|Barse's Romance in the Library of Congress|
Public Domain (link)
On Wednesday, February 11, I rode the Metro into Washington, DC for a special one day conference at the Center for the Book in the Library of Congress - What is Love? Romance in the Digital Age (link):
"This two-day gathering will unite authors, scholars and fans to explore the changing dynamics of the genre, its relevance in popular culture and how digital technology is shaping the future of romance fiction," said John Y. Cole, director of the Center for the Book.
"Our conference will include business and social interests and influences, romance literature scholarship and public engagement with people who love the genre," he said.
The conference kicked off with Panel 1 - What Belongs in the Romance Canon:
Pam Regis, Professor of Englis, McDonald College and President, International Assocation for the Study of Popular Romance
Len Barot/Radclyffe, President/Author, Bold Strokes books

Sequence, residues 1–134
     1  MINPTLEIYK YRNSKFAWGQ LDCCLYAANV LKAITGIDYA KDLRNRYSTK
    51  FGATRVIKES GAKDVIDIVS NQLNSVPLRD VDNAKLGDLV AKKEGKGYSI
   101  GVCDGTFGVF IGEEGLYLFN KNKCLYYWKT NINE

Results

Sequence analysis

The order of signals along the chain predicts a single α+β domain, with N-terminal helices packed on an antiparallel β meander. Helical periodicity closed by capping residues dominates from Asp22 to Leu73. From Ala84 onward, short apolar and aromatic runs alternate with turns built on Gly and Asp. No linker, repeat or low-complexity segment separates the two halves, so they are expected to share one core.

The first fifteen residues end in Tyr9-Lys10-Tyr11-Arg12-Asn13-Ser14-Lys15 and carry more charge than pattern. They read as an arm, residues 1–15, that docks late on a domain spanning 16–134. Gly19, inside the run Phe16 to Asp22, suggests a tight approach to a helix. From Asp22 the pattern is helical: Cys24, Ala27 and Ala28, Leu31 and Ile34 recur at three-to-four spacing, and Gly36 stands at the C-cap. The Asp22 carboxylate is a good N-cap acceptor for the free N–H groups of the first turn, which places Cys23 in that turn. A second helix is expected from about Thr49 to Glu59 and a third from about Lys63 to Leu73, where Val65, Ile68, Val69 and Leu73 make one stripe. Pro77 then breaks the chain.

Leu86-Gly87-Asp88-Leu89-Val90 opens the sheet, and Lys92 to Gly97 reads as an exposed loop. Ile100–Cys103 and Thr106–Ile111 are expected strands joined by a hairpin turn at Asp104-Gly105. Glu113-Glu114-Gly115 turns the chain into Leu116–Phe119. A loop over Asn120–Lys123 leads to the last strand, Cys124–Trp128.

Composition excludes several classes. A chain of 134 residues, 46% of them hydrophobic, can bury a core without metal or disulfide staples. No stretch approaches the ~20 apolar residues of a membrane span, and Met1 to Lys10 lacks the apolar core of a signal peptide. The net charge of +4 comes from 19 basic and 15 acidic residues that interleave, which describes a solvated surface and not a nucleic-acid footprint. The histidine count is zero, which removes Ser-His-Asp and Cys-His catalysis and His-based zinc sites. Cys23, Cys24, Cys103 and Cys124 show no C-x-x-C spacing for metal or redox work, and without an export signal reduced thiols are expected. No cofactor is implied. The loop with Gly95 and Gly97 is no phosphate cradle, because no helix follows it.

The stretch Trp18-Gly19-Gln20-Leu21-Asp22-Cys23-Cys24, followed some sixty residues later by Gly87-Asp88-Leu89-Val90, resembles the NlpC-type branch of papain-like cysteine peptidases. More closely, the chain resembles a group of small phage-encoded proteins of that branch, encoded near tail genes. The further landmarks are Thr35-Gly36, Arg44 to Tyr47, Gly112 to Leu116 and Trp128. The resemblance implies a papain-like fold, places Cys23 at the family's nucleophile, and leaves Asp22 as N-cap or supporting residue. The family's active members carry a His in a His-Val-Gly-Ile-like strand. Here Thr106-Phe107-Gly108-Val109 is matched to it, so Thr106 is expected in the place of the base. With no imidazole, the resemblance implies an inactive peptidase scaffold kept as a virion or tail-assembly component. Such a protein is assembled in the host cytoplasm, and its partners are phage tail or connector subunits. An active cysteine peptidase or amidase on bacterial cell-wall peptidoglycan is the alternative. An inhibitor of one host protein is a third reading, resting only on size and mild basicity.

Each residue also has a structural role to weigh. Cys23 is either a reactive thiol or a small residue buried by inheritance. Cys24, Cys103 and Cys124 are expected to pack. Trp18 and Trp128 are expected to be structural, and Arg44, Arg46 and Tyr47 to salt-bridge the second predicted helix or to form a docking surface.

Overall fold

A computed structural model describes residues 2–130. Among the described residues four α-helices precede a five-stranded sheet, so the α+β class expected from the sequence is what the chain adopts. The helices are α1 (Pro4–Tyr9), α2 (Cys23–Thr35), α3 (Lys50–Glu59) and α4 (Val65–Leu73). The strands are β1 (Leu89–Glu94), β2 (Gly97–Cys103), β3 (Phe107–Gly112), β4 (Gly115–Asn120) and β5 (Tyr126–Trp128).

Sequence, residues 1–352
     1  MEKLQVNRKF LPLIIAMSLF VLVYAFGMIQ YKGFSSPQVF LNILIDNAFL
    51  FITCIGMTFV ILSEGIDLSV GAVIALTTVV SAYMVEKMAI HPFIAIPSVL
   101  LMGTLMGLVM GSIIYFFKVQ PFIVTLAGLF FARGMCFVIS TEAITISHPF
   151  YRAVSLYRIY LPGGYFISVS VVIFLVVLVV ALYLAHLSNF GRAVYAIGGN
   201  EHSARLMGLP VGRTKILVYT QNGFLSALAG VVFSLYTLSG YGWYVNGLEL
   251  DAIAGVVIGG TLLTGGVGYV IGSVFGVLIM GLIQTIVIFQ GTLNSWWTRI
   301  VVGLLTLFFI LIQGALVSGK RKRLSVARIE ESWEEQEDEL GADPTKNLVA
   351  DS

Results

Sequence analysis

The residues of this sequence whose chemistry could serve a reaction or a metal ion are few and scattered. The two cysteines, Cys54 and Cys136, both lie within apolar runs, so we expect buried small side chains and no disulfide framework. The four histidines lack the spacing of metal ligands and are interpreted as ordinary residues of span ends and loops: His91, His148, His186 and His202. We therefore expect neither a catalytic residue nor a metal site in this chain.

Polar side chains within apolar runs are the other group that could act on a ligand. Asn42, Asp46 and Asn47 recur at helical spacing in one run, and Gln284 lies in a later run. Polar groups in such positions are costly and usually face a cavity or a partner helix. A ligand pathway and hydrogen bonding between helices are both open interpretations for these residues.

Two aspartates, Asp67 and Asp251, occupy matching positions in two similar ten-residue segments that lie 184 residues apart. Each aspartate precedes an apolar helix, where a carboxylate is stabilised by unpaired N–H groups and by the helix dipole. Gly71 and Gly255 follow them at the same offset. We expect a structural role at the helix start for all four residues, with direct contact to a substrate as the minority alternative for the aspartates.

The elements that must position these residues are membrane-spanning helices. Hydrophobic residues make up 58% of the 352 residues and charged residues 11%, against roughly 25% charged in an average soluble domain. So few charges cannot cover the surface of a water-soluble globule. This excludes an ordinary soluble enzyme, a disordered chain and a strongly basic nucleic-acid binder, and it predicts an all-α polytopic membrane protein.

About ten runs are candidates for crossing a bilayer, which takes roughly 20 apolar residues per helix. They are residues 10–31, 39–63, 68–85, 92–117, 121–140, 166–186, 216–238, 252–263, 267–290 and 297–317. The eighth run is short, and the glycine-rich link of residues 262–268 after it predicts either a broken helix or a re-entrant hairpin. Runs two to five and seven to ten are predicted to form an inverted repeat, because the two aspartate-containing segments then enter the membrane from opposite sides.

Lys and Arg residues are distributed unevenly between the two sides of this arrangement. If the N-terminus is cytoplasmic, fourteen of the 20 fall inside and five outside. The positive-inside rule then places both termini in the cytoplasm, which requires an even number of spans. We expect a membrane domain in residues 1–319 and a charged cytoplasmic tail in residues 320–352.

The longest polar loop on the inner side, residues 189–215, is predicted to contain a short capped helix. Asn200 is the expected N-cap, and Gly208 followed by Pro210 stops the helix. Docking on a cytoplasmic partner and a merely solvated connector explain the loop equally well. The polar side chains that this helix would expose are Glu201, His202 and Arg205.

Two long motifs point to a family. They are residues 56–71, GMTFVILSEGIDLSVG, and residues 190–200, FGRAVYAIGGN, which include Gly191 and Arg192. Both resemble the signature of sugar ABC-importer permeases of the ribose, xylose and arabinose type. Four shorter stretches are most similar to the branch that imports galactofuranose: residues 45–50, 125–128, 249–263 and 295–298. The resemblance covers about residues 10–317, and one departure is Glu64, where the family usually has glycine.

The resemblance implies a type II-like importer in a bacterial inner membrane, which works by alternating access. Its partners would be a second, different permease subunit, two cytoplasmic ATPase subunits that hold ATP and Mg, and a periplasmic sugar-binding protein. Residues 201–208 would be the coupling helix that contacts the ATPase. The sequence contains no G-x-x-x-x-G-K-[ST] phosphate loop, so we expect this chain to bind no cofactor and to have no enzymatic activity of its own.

Beverly Jenkins, Author, Avon Books
Nicole Peeler, Associatoin Professor of English, Seton Hall University
Eric Selinger, Professor of English, DePaul University
Susan Ostrov Weisser, Professor of English, Adelphi University
I borrowed a pen from the lovely lady next to me - a fan of Beverly Jenkins - so I could take notes. I uncapped the pen just in time to hear Beverlydiscuss that African American romance has been absent from romance canon. She added that it took Terry McMillan's WAITING TO EXHALE to hit the best seller for the publishing industry to realize black women actually read books (Beverly was very funny in her delivery).
The panel referred to E.D.E.N. Southworth's THE HIDDEN HAND as one of the first books written by a woman for women. From Goodreads (link),
The panel agreed that canon is not like the Highlander - there cannot only be one.
Sarah Wendell from Smart Bitches tweeted her musings from the conference and storied them at this link. She took better notes via her tweets than my chicken scratch on the program.
Let's chat about canon. From Dictionary.com,
a standard; criterion
any officially recognized set of sacred books
Many "academics" refer to Loretta Chase's LORD OF SCOUNDRELS and Jennifer Crusie's BET ME as must haves in romance canon. What would be in your canon? Mine would include the first romance book I read ... Cathy Maxwell's THE MARRIAGE CONTRACT. It has a Highlander!
One randomly selected commenter wins a book choice from my convention stash. Comments are open through Saturday, February 28, 10 pm in Baltimore. I'll post the winner on Sunday, March 1.
Kim in Baltimore
Aloha Spirit in Charm City